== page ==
There is a place on Coney Island Avenue that provides “Debt Settlement Services”. I don’t know the company, and I don’t know the people who run the company. But I would imagine the business model of the company and the like goes something like this: “If you’re in credit card debt over $5,000, call us and we can negotiate with your creditors and save you THOUSANDS in interest and late payment fees.” I can guarantee that within the next few years, the neighborhood will be inundated with even more places like it. Again, I am stressing that I don’t know the people who run this place. What I can tell you, in my opinion, is that debt settlement as a business model is a complete and utter ripoff that has caused people to lose millions of dollars – and they usually have absolutely nothing to show for it.
First thing’s first. Lets deal with the elephant in the room. My main practice, along with real estate, is bankruptcy. Business, unfortunately, is good. People are falling on tough times all over the neighborhood, and it’s not just the blue collar workers that you stereotypically think of. I’ve had many clients in Sheepshead Bay come to me to file bankruptcy who earn six figures and who had considerable assets. So if anyone wants to question my motive in this, that’s fine and thats your prerogative. But I’ll go further in hopes that you realize I am saying this not out of some desire for business, but because facts are facts no matter how you cut it.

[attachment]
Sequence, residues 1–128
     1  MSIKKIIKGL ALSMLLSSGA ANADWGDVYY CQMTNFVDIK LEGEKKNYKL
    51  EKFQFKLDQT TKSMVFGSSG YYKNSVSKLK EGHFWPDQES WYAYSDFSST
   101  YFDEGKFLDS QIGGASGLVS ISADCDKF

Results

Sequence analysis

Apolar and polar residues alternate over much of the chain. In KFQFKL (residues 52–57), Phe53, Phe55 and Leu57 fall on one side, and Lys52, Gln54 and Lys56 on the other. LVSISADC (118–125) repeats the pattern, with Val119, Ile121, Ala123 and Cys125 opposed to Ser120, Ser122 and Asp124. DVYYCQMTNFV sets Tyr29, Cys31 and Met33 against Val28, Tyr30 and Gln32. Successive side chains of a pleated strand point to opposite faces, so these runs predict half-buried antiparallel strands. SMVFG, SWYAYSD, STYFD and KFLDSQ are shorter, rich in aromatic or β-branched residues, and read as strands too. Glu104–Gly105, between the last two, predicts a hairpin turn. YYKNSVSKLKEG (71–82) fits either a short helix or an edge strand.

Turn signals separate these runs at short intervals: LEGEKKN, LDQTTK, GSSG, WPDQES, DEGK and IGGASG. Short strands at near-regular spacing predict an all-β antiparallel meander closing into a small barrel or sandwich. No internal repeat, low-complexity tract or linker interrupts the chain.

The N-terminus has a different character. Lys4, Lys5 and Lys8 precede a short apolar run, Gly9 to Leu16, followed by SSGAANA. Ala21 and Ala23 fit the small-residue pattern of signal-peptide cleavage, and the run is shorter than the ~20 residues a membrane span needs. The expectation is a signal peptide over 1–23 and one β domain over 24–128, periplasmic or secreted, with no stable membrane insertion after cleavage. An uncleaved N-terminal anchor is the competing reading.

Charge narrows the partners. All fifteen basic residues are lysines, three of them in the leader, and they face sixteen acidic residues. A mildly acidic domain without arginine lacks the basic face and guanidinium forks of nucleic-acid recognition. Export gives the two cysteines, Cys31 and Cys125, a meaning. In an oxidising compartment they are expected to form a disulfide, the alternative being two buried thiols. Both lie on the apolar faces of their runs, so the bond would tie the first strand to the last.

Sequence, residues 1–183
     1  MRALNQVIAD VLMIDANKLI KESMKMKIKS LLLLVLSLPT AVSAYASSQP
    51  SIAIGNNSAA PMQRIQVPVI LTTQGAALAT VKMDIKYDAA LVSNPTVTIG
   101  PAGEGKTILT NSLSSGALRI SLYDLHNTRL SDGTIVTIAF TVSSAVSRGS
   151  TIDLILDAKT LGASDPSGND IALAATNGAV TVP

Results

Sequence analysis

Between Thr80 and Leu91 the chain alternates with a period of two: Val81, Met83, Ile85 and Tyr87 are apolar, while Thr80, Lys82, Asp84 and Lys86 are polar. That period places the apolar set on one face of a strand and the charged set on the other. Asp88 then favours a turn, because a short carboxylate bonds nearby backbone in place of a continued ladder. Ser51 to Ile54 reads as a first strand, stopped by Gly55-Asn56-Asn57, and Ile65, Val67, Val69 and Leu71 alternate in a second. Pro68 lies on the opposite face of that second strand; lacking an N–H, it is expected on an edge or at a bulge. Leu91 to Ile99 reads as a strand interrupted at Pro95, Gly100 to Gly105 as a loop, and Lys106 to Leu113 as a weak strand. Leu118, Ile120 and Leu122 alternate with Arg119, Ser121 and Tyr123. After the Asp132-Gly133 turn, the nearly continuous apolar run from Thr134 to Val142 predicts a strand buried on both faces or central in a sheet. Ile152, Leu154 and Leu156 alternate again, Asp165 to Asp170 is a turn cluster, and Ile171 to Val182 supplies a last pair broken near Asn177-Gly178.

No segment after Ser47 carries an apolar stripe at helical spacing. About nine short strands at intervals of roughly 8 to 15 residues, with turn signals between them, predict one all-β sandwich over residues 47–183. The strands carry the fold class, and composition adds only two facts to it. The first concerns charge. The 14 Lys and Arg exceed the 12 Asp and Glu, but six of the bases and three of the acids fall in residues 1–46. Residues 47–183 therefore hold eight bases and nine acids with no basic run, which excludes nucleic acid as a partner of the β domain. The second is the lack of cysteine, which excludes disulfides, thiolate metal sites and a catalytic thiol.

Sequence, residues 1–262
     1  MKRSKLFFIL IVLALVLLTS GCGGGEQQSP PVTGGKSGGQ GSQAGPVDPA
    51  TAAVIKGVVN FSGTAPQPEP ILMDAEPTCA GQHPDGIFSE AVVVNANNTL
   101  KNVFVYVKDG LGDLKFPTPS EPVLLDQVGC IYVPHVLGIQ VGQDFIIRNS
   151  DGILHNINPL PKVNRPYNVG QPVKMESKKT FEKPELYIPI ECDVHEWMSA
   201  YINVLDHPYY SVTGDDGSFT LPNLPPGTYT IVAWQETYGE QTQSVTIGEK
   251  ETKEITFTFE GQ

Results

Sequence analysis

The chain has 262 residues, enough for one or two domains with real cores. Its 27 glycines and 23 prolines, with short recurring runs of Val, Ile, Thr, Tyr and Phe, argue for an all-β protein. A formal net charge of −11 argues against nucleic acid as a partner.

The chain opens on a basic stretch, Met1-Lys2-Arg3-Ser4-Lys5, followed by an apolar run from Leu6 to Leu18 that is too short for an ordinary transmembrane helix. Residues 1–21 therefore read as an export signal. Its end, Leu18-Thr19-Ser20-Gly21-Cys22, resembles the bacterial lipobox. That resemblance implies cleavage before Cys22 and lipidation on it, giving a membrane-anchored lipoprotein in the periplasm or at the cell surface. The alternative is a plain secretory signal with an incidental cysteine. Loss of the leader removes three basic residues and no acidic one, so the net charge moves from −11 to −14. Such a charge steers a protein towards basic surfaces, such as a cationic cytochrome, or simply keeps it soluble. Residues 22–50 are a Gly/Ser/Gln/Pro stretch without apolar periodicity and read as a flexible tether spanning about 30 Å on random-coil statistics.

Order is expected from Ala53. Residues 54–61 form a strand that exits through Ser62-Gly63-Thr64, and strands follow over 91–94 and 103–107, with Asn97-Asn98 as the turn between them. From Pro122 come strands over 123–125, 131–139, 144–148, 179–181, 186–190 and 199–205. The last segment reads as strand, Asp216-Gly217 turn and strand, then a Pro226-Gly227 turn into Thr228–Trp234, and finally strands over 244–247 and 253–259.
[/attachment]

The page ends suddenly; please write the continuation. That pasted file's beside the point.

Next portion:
If someone doesn’t want to file for bankruptcy for whatever reason (considerable assets, emotional feelings, etc.), that’s fine. But I would rather have that individual negotiate directly with their creditors than ever deal with a company involved in debt settlement. In fact, I would be more than willing to sit down with anyone at all, client or not, and prove that debt settlement is a complete and utter waste of time and resources.
The facts: debt settlement companies typically charge 10 to 15 percent of your credit card balance up front to get “started.” So let’s say you’re the average person who has $30,000 in credit card debt (remember they include interest and late fees to calculate the fee, not just principal.) Get ready to fork over up to $4,500 just to get the ball rolling. What’s next? Your monthly maintenance fee of $100 or so. What’s that for? I have absolutely no idea whatsoever. None. I don’t know what accounts they’re referring to or what they’re maintaining. In any case you’re now paying about $6,000 in your first year just to get started. So for someone who makes, say, $60,000 a year, you just forked over 10 percent of your annual GROSS income to get started and you haven’t even gotten rid of one debt yet.